Needless to say, not all visitors to Violent Amnesia will make the connection between investigations into the potential of canvas seeped in black paint and the artist’s anxieties about global inequality. They may simply enjoy the physical properties of Murillo's work: delighting in the intensity of the artist's mark-making and uninhibited use of materials. The raw smell of paint still pervades the gallery speces, indicating that some of the pieces are not yet dry. It is as if the artist has only temporarily stopped painting and could return to add further marks to them. Whether making objects in two or three dimensions, Murillo does not seek to resolve the final appearance of his compositions; they remain provisional, in a state of flux.
An unfinished aesthetic has a certain allure of its own, but for Murillo this way of working seems to have greater significance, reflecting the unstable nature of the world around him. Whether driven by conflict or attracted by opportunity, people now move between different parts of the world in larger number than ever before. Many attempt to cross borders illegally, enduring considerable hardship as a result. Three paintings hung in the Sackler Gallery highlight the issue of migration through the includion of screen-printed images of birds FIG. 6. Perhaps Murillo chooses to include this motif because birds have the freedom to migrate seasonally across the globe, irresepctive of borders they cross in the process. Humans, however, are limited by the construct of nationality, arbitrarily restricted in where they can and cannot travel. Other aspects of these works might be used to develop this analogy further: the paintings themselves are created out of several pieces of canvas, stitched together in a haphazard manner. The stitching could represent the way in which we divide ourselves into different geographical entities. The birds are themselves often overpainted with swathes of thick oil paint. They could be understood to be caged in by the strokes of Murillo’s brush, just as we are confined within the boundaries of the countries that we belong to.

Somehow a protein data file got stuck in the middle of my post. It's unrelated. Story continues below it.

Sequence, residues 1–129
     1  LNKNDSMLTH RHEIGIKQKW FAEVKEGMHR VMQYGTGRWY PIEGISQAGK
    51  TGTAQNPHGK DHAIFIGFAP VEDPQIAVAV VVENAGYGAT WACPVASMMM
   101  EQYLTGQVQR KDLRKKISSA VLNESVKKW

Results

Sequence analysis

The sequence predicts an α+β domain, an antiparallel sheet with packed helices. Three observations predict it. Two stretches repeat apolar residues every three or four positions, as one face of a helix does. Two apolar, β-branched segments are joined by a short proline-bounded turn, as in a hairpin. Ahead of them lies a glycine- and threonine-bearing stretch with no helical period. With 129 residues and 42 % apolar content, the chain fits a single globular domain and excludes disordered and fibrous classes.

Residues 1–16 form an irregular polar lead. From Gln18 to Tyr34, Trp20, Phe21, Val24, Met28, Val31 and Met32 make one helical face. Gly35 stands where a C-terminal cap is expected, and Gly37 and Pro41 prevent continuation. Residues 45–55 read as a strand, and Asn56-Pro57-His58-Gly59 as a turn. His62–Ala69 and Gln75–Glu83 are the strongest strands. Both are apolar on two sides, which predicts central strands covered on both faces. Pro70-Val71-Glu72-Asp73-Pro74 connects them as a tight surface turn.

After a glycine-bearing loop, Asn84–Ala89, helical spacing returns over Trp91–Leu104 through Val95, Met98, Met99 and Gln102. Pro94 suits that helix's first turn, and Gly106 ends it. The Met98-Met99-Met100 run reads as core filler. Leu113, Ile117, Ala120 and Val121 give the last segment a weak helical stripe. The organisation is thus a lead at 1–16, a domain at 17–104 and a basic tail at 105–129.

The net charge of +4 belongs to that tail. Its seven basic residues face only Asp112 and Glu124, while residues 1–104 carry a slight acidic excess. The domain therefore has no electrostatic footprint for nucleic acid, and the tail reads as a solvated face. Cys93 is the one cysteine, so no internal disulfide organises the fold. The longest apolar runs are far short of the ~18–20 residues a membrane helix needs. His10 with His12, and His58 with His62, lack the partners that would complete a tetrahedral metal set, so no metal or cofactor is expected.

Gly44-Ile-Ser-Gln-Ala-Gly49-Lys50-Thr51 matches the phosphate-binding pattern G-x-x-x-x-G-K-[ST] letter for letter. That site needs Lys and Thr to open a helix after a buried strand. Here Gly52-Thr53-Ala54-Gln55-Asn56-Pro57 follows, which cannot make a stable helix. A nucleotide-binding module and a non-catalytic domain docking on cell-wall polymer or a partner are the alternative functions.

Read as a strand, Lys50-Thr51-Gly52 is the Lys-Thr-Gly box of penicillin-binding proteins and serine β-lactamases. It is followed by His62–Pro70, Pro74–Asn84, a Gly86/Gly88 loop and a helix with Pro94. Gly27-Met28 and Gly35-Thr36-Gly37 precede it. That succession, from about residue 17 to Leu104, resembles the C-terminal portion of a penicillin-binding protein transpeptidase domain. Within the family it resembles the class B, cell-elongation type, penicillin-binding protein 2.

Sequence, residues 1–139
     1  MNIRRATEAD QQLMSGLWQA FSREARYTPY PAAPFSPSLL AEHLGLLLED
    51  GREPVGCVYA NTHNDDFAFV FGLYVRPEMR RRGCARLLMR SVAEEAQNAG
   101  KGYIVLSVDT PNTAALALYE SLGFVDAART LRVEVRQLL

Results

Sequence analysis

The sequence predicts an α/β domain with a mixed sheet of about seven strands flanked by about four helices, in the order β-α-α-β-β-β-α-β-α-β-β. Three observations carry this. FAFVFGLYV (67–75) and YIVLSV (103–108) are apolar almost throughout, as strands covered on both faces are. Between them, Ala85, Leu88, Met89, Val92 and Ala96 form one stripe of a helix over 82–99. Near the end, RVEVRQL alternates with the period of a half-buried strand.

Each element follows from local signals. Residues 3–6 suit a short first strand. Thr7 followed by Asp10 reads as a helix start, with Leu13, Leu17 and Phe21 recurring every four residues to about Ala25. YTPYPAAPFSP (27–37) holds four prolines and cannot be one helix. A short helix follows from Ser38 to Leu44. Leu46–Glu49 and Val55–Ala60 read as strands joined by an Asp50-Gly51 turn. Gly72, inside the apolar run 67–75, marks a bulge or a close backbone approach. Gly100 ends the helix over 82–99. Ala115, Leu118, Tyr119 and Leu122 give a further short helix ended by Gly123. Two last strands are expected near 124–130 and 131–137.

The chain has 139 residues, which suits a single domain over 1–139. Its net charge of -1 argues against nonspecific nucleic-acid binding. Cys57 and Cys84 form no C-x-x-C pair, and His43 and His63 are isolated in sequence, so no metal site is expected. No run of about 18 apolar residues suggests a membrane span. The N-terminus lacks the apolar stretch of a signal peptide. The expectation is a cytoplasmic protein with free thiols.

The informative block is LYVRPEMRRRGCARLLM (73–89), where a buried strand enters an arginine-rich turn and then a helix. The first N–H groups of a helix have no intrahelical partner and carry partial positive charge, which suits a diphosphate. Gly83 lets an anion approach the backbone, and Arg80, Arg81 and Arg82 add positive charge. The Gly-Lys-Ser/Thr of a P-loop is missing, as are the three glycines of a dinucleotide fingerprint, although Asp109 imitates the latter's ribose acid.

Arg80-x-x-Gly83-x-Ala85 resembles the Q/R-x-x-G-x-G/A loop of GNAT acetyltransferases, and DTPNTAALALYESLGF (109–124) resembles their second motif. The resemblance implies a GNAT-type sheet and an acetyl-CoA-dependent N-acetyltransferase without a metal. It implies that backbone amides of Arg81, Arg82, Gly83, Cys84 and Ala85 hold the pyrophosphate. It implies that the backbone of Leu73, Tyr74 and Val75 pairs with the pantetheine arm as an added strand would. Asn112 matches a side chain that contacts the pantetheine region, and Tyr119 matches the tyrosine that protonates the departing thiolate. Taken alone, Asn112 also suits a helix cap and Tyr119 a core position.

The second of the main gallery spaces at Kettle's Yard is hung with paintings from the artist’s Catalyst series FIG. 7. These are different in character to the rest of the works included in the exhibition. Created via a less direct method of working, they emerge from a process akin to monoprinting, a rudimentary printmaking technique. A ‘master’ canvas is laid on the floor and saturated with paint before a second canvas is placed on top and paint transferred between the two using a broom handle. What results from this idiosyncratic procedure are canvases filled with a web of marks, recording the frenzied movements of the broom handle across the back of the second canvas. Since Murillo cannot see how his painting is developing while making it, the final appearance of each work in the series is somewhat accidental. The process seems to be more important than the outcome here: the intense periods of physical activity through which works from the catalyst series are produced act as a kind of therapy, perhaps Murillo's means of dealing with the anxieties he feels about the state of the world.
Catharsis, the release of strong emotions through creative activity as a means of coming to terms with an issue and resolving it, is a particularly good word to describe both the motivations behind the Catalyst series and the exhibition as a whole. Making work appears to be a personal form of catharsis for Murillo, and visitors to this exhibition are invited to share in his grief and join him in seeking reconciliation. Violent Amnesia is a call to collective catharsis, encouraging us not to overlook the suffering of others any longer.